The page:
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The Boy and Bulldog Bank
by Sy Schreckinger – ANTIQUE TOY WORLD Magazine – July, 1989

      Threatening and menacing would, perhaps, be apt descriptions of the subject of this month's article, "Boy and Bulldog" mechanical bank (Figure I). Only one other mechanical comes to mind which portrays "man's best friend" in a similarly adversarial position: the "Bulldog Savings Bank," Figure II, a product of the Ives, Blakeslee and Williams Company of Bridgeport, Connecticut. (Refer to the November 1984 issue of Antique Toy World for further discussion of this bank.)
     Information relating to the design and patent date of "Boy and Bulldog" is sparse. This may be attributed to the fact that its producer, the Judd Manufacturing Company, of Wal­lingford, Connecticut, never applied for patents for any of its bank designs. However, an approximation of the time period in which it was marketed may be deduced from an advertisement for the sale of "Boy and Bulldog" which appeared in a 1887 issue of the C.F. Rice Company Toy Jobber's Catalog (Figure III). The ad reads as follows: "No. 3182 Length 4-1/2 in., maroon finish, per doz., $4.25. No. 3187 Length 4-1/2 in., ebony and gold, per doz., $4.50."
     Figure I pictures a bank decorated in the above-mentioned maroon finish. Close examination of this bank reveals attributes which are shared by the entire line of Judd mechanicals: namely, meticulously fine casting details in addition to simplicity of action and coloration. Observe the carefully delineated hair and ribs of the bulldog, the sharply defined collar, lapels and tiny buttons of the boy's rumpled jacket.
     The "Boy and Bulldog" was painted primarily with simple japan varnishes or metallic colors, as were most all mechanicals produced by Judd. Their palette included a shiny ebony finish, maroon lacquer, "fancy" gold-flecked brown japan varnish, gold and copper metallic and an occasional touch of white for an eye or red for a mouth. Examples of Judd banks do exist which differ from the aforementioned by use of multicolors. Some examples might have been factory-painted, but most were the whims of an early owner or bank collector. A word of caution: multicolored Judd banks should be closely scrutinized for paint and/or casting authenticity before contemplating purchase.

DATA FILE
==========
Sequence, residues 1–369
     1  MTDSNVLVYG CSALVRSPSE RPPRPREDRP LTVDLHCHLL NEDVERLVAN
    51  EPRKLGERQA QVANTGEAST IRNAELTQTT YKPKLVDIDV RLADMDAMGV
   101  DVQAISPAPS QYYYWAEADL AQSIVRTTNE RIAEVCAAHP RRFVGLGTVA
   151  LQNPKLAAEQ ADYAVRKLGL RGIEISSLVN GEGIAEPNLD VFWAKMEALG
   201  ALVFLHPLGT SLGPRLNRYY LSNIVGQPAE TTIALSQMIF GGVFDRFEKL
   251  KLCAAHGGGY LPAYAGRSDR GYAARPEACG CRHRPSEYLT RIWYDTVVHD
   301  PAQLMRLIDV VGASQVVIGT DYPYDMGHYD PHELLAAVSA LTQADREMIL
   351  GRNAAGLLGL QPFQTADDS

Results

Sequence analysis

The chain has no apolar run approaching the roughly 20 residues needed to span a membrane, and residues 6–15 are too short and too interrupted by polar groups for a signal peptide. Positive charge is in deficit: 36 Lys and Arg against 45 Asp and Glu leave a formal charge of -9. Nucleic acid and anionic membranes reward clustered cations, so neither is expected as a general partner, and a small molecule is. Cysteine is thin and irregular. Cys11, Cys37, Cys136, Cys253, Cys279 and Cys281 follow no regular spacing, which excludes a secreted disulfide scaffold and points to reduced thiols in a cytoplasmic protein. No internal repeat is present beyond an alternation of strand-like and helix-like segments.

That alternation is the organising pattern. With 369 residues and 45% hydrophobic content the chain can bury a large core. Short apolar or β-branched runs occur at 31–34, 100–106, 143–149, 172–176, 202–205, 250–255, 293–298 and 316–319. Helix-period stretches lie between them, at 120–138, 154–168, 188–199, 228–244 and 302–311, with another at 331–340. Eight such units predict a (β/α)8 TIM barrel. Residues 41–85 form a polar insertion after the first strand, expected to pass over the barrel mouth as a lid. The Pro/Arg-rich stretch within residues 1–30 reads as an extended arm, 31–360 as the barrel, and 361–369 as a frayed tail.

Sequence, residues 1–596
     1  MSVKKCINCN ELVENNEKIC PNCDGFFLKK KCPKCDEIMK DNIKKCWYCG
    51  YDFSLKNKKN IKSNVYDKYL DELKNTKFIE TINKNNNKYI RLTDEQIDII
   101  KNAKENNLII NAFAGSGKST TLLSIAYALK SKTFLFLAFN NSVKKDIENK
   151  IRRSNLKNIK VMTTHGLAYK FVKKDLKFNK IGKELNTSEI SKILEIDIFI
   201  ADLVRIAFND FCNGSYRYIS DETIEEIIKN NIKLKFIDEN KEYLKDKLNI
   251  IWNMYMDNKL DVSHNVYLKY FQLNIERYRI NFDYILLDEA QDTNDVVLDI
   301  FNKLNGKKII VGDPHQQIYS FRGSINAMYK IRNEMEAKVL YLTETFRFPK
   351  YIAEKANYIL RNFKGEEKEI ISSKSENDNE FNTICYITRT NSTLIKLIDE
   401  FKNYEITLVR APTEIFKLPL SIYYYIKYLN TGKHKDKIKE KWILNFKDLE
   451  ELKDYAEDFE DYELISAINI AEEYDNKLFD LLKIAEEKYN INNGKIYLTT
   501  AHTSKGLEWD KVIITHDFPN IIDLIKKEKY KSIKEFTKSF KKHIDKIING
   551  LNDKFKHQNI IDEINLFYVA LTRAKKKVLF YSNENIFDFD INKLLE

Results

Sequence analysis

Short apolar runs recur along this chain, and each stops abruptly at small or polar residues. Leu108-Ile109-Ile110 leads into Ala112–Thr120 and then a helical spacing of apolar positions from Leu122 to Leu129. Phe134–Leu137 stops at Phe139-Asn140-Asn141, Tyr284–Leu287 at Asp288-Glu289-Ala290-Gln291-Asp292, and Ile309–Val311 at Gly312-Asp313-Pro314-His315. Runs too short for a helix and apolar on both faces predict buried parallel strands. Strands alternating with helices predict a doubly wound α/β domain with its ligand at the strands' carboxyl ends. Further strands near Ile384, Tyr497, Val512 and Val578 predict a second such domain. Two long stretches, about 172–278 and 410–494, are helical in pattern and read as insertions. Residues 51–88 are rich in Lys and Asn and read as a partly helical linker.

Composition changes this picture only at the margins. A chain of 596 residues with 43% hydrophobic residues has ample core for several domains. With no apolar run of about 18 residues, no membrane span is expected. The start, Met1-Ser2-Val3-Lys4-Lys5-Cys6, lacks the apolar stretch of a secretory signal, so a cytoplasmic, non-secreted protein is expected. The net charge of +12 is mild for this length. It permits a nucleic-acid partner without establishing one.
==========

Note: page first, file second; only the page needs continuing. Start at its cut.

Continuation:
Operation of "Boy and Bulldog" is non-complex. A coin is placed upon the slot between the boy and dog. A slight pull on the lever behind the boy causes him to tilt forward as if reaching for the coin; the bulldog rears backward, as if reacting to the lad's advance. Simultaneously, the coin drops into the base of the bank. These deposits are removed by unscrewing the entire base from its sides.
     Unfortunately, and understandably, the simplicity of the operating mechanism and castings encouraged the practice of abundant reproduction of many of the Judd banks. Thus, exceedingly scarce examples, such as "Bucking Mule," "Boy and Bulldog," "Circus Ticket Collector," "Peg Leg Beggar" and "Bear with Paws Around Tree Stump," are often inaccurately categorized as common. In truth, few collectors can boast of all-original, complete examples of these banks. Reproductions are easily detected since, unlike the original Judd banks, they are crude and pebbly in appearance and lack the fine, sharp details of an original.
     Several bronze examples of "Boy and Bulldog" and "Bucking Mule" do exist. It is my contention that, because of their extremely fine, detailed appearance, they most likely were original Judd foundry patterns which had been assembled by collectors into working banks. There is no known logical explanation as to why a company engaged in manufacturing a line of cast-iron mechanical banks would simultaneously produce the identical banks in bronze.
     Since it may be of interest to readers of this article, the following serves to enumerate and grade the entire repertoire of Judd mechanical banks according to their rarity. In descending order: "Giant," "Circus Ticket Collector," "Peg Leg Beggar," "Bucking Mule," "Boy and Bulldog," "Mosque," "Bear and Tree Stump," "Bulldog Standing," "Butting Goat," "Gem," "Snap-it" and "Dog on Turntable."
     Figure III is a base diagram of an original "Boy and Bulldog." A reproduced version would not necessarily appear smaller than the base diagram, since the original aforementioned patterns were often used to cast the "fakes." The most accurate method of determining a reproduction is the crude texture of the bank's surface and its lack of detail definition. Needless to say, the scarcity of original examples of "Boy and Bulldog" reflects accordingly on its price.

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